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  • Writer's pictureJuliana

How to Empathize in 5 Steps

Empathy is a critical skill that allows us to truly understand others and connect with them on a deep level. When we empathize, we step outside of our own thoughts and give someone else an experience of truly being heard. It helps us build stronger relationships, resolve conflicts, and create a more compassionate society. With a few steps, you can empathize effectively and find connection with anyone - even people who you may think are vastly different from you. Here are some things you can do to up your empathy game:


  1. Have presence


The first step to empathizing is giving someone your undivided attention. You want to make sure that the person knows that you are truly with them. This means refraining from reading that notification on your phone that just buzzed in your pocket, or looking around at what is going on in the room. Practice eye contact, listen, and try to keep your thoughts at bay so that you can really be present with the person and what they are saying.

2. Listen actively


This could technically go along with presence, but we think it is important enough to make it a step on its own. Active listening means paying attention to what the person is saying, without interrupting or judging. Try to focus on their tone, body language, and the emotions they express. Don't assume that you know anything. Instead, remain curious and just listen.


3. Reflect what you heard


If you are present and listening actively, you should be able to reflect back to the person what you heard them say. You do not need to perform a word-by-word recitation. In fact, that would probably be quite awkward. Instead, hit the main points. What were the highlights of what they said? You can start off by saying something like, “So it sounds like ….” or maybe, “Hmmm. I’m hearing that you are really upset (or whatever other emotion they expressed) because…”

The point of this is two-fold. First, it is to make sure you are truly understanding what the other person is saying. Sometimes, after reflection, the person might come back with, “No, actually, that’s not really it.” and then they will elaborate on what they wanted you to understand. Sometimes the reflection is right on target, but it will then prompt them to share more of what they want you to understand. Both situations are great, because you are gaining more insight into their situation; they are giving you more opportunities to connect with them.

The second reason for reflection is to let the person know that you are with them. It proves that you are being present and listening actively.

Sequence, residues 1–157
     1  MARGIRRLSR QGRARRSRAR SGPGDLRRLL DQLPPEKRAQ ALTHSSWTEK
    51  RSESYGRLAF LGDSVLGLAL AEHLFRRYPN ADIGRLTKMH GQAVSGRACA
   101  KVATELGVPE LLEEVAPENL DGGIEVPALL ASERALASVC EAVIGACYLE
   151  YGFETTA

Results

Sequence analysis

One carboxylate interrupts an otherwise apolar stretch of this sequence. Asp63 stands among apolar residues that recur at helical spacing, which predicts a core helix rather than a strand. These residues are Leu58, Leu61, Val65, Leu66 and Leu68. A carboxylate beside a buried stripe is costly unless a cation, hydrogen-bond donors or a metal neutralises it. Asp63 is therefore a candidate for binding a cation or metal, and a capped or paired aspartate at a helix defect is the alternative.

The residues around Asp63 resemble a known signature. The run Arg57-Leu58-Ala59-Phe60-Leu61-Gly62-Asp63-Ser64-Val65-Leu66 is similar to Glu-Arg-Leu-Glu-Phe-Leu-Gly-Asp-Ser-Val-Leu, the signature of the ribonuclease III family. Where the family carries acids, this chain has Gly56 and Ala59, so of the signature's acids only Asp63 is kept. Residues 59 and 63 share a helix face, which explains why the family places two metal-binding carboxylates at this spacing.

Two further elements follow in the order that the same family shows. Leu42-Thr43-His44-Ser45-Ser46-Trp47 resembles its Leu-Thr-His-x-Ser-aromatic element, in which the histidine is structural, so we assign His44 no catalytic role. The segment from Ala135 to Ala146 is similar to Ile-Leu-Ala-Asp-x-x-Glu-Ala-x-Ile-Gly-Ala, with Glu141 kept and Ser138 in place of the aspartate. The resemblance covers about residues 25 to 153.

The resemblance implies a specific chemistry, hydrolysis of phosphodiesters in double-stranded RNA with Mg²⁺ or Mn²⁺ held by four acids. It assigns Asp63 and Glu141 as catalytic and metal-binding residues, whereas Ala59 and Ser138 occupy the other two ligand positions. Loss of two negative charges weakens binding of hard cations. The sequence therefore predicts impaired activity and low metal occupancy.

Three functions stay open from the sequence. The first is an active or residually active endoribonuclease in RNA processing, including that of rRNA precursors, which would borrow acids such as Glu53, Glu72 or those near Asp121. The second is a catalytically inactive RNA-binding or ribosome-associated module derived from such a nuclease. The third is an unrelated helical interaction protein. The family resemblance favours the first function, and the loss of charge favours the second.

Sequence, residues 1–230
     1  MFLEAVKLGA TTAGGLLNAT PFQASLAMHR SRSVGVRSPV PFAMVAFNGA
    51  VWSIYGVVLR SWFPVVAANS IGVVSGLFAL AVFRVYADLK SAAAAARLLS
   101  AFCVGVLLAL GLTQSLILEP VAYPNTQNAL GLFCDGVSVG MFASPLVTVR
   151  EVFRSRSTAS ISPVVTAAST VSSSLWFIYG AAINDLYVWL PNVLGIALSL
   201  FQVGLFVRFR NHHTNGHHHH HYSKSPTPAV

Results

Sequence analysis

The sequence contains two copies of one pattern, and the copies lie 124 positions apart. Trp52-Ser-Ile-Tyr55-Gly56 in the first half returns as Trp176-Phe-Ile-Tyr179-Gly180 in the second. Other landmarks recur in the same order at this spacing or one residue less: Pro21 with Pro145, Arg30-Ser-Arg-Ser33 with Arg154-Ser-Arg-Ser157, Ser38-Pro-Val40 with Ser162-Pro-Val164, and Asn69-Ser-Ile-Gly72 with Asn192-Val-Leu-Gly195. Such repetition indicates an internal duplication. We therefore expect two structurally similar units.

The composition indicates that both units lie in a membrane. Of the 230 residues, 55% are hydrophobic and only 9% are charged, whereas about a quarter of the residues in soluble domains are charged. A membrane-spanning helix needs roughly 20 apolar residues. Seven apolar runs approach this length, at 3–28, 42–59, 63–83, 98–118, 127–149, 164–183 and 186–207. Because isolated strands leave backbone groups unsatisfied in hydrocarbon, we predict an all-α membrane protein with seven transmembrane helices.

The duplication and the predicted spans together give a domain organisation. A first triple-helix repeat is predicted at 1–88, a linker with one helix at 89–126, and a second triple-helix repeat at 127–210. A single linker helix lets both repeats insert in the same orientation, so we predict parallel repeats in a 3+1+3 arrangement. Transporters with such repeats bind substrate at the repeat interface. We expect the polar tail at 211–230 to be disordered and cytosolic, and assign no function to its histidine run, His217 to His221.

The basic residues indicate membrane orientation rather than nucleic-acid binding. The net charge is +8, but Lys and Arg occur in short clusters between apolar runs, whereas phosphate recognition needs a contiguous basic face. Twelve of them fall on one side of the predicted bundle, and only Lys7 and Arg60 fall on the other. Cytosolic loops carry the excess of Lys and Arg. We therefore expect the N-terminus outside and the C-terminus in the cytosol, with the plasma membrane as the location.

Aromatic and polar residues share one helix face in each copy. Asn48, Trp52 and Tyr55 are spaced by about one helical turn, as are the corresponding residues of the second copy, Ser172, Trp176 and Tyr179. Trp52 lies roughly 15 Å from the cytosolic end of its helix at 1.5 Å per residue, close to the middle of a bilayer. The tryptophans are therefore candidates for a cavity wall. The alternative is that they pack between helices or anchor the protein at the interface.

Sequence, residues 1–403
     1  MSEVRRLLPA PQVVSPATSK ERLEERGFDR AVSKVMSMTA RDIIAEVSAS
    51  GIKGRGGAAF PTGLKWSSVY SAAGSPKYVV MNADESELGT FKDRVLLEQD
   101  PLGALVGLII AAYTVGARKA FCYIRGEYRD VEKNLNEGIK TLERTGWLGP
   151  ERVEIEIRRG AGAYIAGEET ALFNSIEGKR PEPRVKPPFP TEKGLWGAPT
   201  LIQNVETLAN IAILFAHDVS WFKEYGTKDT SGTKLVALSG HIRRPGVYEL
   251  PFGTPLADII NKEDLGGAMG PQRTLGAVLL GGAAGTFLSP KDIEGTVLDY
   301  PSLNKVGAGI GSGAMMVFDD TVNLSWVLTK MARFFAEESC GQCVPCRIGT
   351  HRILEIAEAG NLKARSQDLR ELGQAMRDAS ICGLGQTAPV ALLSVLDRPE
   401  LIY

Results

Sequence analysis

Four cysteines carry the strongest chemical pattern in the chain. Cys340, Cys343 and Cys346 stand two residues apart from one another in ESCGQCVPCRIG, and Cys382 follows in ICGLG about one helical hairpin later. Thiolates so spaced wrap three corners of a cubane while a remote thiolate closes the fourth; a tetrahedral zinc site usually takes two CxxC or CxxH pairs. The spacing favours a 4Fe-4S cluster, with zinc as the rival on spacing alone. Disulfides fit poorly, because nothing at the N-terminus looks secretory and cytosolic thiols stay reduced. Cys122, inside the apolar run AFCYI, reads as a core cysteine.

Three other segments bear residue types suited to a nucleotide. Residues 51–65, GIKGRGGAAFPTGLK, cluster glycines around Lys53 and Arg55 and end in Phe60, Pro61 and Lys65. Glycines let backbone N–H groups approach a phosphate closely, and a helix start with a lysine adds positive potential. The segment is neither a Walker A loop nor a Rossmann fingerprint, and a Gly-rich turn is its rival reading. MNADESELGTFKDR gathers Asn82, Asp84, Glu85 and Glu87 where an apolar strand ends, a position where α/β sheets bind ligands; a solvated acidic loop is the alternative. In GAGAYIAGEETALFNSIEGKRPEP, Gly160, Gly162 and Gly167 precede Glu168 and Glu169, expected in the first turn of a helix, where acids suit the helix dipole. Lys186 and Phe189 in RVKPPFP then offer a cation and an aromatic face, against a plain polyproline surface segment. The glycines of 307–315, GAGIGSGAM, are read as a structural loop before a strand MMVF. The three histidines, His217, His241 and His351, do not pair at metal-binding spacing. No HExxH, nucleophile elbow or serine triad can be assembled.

4. Take feelings and needs guesses


This one is a little tricky because it can easily lead into non-empathy territory if you aren’t careful. Basically, after reflecting, just guess what they might be feeling or needing in the moment. Maybe they are feeling angry and they are needing consideration or respect. Maybe they are feeling embarrassed and they need understanding and acceptance. It could be anything, really. It might sound something like this, “It sounds like X (reflection) happened last week, and since then you have maybe been feeling Y (feelings guess). I’m guessing you are wanting some Z (needs guess).” The tricky part is leaving it at that. Reflecting and taking some guesses and that’s it - no giving advice or relating your own personal experience. Unless explicitly requested, don’t offer any of your own thoughts on their situation, because when empathizing, it’s not about you; it’s about the other person. Stay with them.

And just like the reflection piece, if you guess wrong, that’s okay! It will give the other person an opportunity to clarify and you an opportunity to understand them better.


5. Practice self-empathy


Empathy begins with ourselves. To empathize effectively, we need to be in touch with our own needs and feelings. Practice self-empathy by acknowledging your own needs and finding healthy ways to process feelings. When we understand ourselves, we can better understand others.


Empathy is a powerful tool that allows us to connect with others on a deep level. By staying present, actively listening, reflecting, taking some feelings and needs guesses, and practicing self-empathy, you can develop this critical skill. Empathy helps us build stronger relationships, understand others better, and create a more compassionate world. If you'd like some deeper guidance in this department, check out our Intro to Nonviolent Communication Course. In this course, you'll learn more about empathy as well as other useful skills to create connection with others.


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